I wished for an EeePC since the 8.9 inches models came out a few
months ago, because I needed to buy a laptop for my wife. I was
tired of helping her with Windows issues and I wished for a Linux
laptop working out of the box and not intended for Linux-savvy
users. The EeePC seemed an ideal choice, also because of its
dimensions and weight (my wife wanted something small).
Actually, 8.9 inches seemed too small to me, so I was waiting for
the new 10.2 inches model. When I got the money as a present, I spent
a couple of days googling, but I could not find a Linux model with the
10.2'' display here in Italy. I hope this is just accidental and that
Asus will keep offering Linux even for the new and bigger
As I have mentioned
elsewhere, I am really tired of buying laptops just to wipe out
their operating system: for the first time the EeePC allowed me to buy
a Linux laptop and I wanted to take full advantage of this opportunity.
So I bought the 8.9 inches model, the EeePC 901. In theory it should
be available in many colors (I wanted it pink) but in practice in
Italy you have the choice between black and white (I have got the
Since the main user of this machine is my wife,
I do not plan to install anything nontrivial on it, and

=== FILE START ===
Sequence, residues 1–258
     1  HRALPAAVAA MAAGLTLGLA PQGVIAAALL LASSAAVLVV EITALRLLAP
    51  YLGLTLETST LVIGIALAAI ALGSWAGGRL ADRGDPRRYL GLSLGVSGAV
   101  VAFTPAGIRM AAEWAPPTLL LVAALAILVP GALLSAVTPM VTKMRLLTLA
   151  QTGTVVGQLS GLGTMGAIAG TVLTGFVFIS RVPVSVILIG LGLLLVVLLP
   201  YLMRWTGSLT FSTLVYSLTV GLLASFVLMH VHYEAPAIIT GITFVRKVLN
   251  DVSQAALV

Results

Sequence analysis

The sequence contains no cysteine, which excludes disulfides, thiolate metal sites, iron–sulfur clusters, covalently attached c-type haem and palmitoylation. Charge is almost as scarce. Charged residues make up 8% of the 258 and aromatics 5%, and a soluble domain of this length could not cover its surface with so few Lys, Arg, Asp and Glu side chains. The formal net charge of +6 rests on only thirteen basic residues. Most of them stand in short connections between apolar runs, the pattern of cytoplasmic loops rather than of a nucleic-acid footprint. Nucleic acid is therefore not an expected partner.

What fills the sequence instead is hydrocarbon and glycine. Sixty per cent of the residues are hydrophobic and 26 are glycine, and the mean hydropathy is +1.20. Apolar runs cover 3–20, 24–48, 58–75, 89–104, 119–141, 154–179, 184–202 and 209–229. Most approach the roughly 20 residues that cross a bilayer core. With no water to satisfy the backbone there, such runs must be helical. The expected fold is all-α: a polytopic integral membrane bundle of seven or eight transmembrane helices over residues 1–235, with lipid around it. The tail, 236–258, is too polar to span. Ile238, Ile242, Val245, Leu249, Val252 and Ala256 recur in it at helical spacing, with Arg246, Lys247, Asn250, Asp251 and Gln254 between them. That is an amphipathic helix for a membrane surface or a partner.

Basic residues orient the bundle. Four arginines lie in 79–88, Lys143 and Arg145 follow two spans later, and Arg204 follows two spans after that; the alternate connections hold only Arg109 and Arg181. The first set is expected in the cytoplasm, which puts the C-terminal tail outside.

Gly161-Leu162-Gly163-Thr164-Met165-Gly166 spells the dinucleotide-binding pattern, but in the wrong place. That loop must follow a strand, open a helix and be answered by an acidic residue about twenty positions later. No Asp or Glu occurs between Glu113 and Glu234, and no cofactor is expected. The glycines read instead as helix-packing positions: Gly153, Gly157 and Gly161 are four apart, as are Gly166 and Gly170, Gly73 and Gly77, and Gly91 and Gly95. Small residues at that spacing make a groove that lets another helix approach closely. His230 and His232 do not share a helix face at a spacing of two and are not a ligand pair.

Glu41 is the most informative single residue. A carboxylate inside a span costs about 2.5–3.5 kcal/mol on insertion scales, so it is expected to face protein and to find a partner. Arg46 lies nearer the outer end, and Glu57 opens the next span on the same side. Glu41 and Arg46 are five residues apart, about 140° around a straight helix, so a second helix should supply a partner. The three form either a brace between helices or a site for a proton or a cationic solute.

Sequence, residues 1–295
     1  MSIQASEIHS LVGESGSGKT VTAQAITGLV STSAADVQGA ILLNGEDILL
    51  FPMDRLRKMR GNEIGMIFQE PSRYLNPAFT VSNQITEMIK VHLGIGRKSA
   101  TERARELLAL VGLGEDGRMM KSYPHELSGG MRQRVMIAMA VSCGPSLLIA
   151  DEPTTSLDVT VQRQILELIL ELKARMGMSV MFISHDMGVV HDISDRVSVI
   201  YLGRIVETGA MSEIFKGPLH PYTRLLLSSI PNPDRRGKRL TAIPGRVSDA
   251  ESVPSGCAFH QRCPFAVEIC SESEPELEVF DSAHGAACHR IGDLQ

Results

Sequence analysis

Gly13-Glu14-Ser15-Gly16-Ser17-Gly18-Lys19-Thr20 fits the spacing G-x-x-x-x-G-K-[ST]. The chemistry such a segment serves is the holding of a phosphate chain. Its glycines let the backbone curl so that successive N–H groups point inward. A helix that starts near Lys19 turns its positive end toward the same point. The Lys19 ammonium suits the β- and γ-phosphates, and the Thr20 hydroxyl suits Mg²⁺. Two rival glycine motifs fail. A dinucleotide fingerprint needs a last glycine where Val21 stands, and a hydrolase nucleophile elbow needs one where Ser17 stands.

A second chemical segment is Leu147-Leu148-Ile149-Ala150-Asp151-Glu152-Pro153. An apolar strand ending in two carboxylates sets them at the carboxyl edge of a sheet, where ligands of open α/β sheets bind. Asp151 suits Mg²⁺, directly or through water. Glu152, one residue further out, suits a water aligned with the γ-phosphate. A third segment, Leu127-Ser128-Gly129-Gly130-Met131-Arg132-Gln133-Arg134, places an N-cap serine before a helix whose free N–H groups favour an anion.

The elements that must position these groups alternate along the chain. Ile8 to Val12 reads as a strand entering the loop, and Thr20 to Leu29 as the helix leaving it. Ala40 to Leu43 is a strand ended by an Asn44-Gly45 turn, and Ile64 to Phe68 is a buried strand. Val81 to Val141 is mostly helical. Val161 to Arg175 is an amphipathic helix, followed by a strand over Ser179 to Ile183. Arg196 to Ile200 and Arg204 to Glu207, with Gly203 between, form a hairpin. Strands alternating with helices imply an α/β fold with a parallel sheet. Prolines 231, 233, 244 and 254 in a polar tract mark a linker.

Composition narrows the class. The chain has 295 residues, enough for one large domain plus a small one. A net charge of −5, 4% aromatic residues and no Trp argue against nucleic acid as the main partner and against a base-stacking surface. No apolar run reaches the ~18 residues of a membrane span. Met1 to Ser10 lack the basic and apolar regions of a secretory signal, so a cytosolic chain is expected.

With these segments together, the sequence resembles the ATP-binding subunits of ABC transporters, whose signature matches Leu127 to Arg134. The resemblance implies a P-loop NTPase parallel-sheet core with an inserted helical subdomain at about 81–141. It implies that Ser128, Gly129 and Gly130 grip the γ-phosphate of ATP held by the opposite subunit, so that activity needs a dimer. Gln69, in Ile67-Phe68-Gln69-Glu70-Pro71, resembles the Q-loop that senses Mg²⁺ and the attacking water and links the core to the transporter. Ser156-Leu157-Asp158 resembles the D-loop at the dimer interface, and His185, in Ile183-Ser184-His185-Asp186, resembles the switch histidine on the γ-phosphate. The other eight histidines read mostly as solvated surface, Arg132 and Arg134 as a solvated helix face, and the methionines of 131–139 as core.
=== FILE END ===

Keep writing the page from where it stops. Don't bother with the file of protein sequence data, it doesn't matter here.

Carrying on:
I would be happy to keep the default Xandros distribution if it
works fine. I have seen many advanced users criticizing Xandros,
and probably they are right - if I was the main user, I
would probably install Ubuntu since it is my main operating system
at work - but it must say that it is really easy to use for
computer illiterate people.
I bought the machine, I installed the battery without looking at the
manual, I powered it on, and in seconds I was already surfing the Net with
my wireless network. It was the first time in my life I had a similar
experience with a Linux machine, and it was really heart warming ;)
Today I tried to connect to a traditional LAN at my
parents' home, and it also worked perfectly well at the first attempt
without requiring any configuration at all. Audio, video, recognition
of USB devices and an external monitor worked out of the box (actually
I had to run a setup script to view certain .avi files, but the script
was already installed on my machine and it was easy to find its
existence with a bit of googling) and this is also something I was not
There is a set of very nice applications bundled with the netbook: